The crackers are smashed to bits and covering the wooden highchair, but not the demon-child's face smiling at my mom holding the camera. In the photo, it looks like I'm about to laugh, but that hard spontaneous intake of air is stuck in that moment. My mother has four copies of this photo in one album, and all the proofs are locked in a safety deposit box at an undisclosed bank.

If it wouldn't make my mother cry, I would burn every photo of me, especially this one. I've seen this photo plenty of times, but I have no idea how old I was then; neither does that tiny me in the photo. My crooked baby grin is probably due to the discovery of my first talent, my gift for breaking things. I love crackers, but there they are all broken on the table in front of me. I smashed them on purpose. I don't have to remember; I know this is true.

But, the cracker mess isn't the first thing that people comment on when they see the photo. Typically, they direct me to look at my hair, as if I haven't seen it before. I understand why. In all the pictures of me as a baby my hair is shaped like the top curl of an ice cream cone. It did this naturally, and no matter what it went through my hair stayed in this frozen position. My mom didn't mind. She thought my hair was adorable shaped like that. It is only hair, and it is just a picture, but it's annoying. When I look at the image of myself smiling with pride over the broken crackers, I know the smile wasn't for that mess or for that ice cream shaped hair; it's for me now. It's for my humiliation.

I conspired against myself in this moment long ago. I know I did. Now my mother is conspiring against me. She's enlarged this picture of my former demon self and had it screen-printed onto the front of a black shirt for my twenty-first birthday.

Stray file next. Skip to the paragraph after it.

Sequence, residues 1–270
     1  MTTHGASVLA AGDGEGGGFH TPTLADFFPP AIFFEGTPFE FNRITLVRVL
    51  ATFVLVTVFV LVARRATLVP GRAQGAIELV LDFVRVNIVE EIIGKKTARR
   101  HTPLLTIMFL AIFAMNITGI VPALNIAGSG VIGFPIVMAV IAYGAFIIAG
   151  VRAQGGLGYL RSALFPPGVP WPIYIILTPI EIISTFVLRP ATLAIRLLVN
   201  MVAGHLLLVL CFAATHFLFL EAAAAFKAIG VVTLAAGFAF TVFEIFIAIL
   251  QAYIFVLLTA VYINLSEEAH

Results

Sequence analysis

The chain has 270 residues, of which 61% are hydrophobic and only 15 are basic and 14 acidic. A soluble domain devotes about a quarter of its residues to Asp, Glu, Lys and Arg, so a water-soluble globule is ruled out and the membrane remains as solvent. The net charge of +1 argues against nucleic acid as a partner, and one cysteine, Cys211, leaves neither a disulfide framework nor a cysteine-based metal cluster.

My mom states how much she loves that picture. I ask why, but she can't explain. She tells me a story about how Nicole, my big sister, spent a whole month teaching me to hold up my index finger to indicate that I was one. I never noticed. But I was holding up one bent little finger higher than the others. Neither version of me knew I was one year old, but knowing that now doesn't make the photo any less embarrassing. I won't wear the shirt. She begins to whine about something and I retreat to my room.

I step around the stacks of college books that I'll read again someday and wobble across piles of tried-on clothes I haven't worn since high school. There's a loud crack. I already know what I stepped on, but I'm scared to confirm my fears; I wonder if I'm right. I can't help myself; I peel back a few layers of the sweaters I tried on this morning, until I let out a sad little laugh. My theory was spot on. It's true what they say; being right isn't all it's cracked up to be. But my vintage Bob Dylan record certainly is.

My mom heard me crack and she made her way up the stairs to my room, cradling the shirt in her arms. She starts her how-many-times lecture and stops to let out a deep sigh that she's been holding for nearly twenty-one years. It's up to you now, she relinquishes. At least I'm not that messy anymore I proclaim, pointing at the idle child on the black shirt. She laughs. My mother laughs, hands me the shirt, and informs me the cracker mess was staged by her to make the picture cute, of course. And it's cake, not crackers.
Both heir and gift united